Dir: Antoine Fuqua
Starring: Denzel Washington, Marton Csokas, Chloe Moretz, Melissa Leo, Bill Pullman, Haley Bennett, David Meunier
Run-Time: 131 Mins
Presumably because he thought it was too soon to remake his own Man on Fire, Denzel Washington instead remakes 1980’s TV series The Equalizer where he stars as Robert McCall, an insomniac vigilante mastermind killer because that’s exactly what the plot requires him to be.
He holds down a 9-5 at a home supplies store and wiles away his evenings reading in a diner and befriending young prostitute Chloe Moretz (in the first twenty and last two minutes – don’t get attached), until her pimp beats her up badly enough to put her in hospital and Denzel decides to kill him and half of the other Russians in Boston.
That’s when the Russian mob sends in its enforcer, Marton Csokas, and as Denzel busies himself with outsmarting corrupt cops and helping a friend pass a security guards entrance exam Csokas begins to hunt Denzel down.
McCall outclasses everyone so easily there is no suspense, and at two and a bit hours it outstays its welcome with actor, script and director all in no rush to get anywhere in-particular. And yet, mostly thanks to the presence of Denzel Washington The Equalizer is far from an unenjoyable experience. Director Fuqua is certainly smart enough to just let Denzel be Denzel and through the sheer weight of his intensity and screen presence Washington puts in a star turn. This is the definition of star vehicle; an actor making a film rather than the other way around.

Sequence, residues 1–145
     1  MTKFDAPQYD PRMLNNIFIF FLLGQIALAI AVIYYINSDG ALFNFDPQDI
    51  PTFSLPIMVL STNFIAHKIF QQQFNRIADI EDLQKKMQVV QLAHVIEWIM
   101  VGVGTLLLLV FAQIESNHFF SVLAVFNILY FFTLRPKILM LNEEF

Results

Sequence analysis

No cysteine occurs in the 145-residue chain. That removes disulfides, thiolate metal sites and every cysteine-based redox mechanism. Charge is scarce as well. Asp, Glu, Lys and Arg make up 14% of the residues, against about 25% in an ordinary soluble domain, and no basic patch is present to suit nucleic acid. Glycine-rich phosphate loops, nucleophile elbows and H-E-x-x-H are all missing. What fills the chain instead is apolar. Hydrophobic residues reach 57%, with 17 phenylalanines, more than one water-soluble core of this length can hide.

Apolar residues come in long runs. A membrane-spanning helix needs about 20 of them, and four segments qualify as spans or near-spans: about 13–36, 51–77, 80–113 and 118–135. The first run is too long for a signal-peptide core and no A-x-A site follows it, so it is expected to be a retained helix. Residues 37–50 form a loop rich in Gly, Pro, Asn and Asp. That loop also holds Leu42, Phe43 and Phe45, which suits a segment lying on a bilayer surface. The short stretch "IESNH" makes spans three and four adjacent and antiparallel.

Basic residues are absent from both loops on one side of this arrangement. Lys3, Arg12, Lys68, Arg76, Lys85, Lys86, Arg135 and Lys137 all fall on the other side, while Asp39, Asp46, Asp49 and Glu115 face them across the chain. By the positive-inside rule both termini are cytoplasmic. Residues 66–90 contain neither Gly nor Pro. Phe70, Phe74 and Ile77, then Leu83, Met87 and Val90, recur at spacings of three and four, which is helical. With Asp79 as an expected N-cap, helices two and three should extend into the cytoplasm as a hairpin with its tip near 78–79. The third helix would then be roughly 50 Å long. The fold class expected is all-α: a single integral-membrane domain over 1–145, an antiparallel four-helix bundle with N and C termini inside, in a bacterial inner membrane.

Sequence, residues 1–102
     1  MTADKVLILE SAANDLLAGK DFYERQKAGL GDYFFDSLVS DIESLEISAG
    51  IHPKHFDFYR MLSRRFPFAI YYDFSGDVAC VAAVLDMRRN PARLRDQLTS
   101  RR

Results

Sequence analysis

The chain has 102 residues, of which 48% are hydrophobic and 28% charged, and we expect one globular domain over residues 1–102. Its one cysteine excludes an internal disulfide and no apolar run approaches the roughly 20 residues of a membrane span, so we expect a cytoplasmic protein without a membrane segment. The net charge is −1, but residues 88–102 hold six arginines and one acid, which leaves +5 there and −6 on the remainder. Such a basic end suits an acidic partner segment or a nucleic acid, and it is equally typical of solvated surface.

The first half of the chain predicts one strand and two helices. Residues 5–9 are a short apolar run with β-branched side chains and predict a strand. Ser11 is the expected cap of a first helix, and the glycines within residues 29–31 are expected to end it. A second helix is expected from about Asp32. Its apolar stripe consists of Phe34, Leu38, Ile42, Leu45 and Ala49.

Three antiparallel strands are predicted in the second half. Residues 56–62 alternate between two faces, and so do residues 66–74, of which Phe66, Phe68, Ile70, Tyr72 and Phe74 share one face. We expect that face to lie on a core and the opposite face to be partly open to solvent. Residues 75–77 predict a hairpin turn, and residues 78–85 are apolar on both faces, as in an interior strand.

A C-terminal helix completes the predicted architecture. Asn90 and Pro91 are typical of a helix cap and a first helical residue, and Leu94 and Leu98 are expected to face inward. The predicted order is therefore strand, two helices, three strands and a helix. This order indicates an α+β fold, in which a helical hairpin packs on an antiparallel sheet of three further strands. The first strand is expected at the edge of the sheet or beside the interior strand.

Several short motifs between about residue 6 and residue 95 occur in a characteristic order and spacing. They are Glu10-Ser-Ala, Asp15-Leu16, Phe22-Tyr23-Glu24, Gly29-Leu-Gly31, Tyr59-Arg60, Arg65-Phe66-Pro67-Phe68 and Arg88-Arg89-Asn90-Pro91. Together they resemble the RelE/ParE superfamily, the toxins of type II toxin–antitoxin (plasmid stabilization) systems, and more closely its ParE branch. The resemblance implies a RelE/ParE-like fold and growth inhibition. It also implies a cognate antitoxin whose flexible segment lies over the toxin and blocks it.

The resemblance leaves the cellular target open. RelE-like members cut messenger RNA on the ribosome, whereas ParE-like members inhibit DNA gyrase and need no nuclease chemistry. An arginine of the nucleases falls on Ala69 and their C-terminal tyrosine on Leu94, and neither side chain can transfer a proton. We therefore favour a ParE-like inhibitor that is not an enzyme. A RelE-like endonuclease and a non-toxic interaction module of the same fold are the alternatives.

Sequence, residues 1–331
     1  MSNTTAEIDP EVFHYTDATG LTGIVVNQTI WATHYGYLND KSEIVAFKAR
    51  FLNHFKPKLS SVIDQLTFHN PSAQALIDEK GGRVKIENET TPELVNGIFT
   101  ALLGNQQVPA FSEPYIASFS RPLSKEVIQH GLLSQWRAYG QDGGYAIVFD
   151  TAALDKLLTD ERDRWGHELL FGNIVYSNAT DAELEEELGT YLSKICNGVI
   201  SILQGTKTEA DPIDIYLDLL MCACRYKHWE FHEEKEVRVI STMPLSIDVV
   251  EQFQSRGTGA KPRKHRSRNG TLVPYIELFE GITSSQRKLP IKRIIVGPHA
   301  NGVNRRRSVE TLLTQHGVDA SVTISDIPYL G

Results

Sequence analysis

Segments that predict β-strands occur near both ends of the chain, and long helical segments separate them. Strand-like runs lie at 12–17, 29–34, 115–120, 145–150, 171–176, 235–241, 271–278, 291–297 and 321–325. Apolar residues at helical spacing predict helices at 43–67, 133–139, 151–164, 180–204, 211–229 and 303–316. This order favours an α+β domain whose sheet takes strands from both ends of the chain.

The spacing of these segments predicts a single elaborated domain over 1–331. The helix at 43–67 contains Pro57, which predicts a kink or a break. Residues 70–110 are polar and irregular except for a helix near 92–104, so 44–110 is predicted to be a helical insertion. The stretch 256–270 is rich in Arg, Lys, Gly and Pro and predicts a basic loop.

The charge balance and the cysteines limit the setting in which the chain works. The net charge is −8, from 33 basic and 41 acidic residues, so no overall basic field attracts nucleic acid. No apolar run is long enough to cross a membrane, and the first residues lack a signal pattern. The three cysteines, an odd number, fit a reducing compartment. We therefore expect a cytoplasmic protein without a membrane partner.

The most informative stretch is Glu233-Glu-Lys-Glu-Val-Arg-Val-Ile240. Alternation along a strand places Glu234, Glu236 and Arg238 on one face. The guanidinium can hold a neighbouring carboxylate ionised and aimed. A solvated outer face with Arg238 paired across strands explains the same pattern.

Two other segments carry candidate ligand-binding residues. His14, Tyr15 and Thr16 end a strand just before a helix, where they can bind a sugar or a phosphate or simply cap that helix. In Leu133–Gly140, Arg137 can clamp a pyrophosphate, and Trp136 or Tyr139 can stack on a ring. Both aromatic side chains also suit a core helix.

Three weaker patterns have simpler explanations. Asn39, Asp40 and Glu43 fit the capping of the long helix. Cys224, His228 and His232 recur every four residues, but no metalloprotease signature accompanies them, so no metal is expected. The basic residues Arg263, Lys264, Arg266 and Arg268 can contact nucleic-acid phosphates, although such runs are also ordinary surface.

There is a Home Alone style homemade charm to many of McCall’s improvised weapons and the action is certainly stylishly shot and edited. McCall’s backstory is also well handled – we’re told just as much as we need to know while leaving much a satisfying mystery.
The script rarely even bothers to attempt subtlety and when it does try it doesn’t always hit – an early reference to Hemingway’s The Old Man and the Sea is blunt but serves a purpose in comparing the main character of each; later literary illusions are smug – any deeper meaning to be found in The Equalizer is to be found in Denzel’s frowns, or a change in expression which shows he’s gone from being slightly to very pissed off.
Short of a wholly stupid and insulting coda in Moscow, The Equalizer actually does enough with a star lead turn and good action sequences to suggest that a sequel wouldn’t be an unpleasant idea.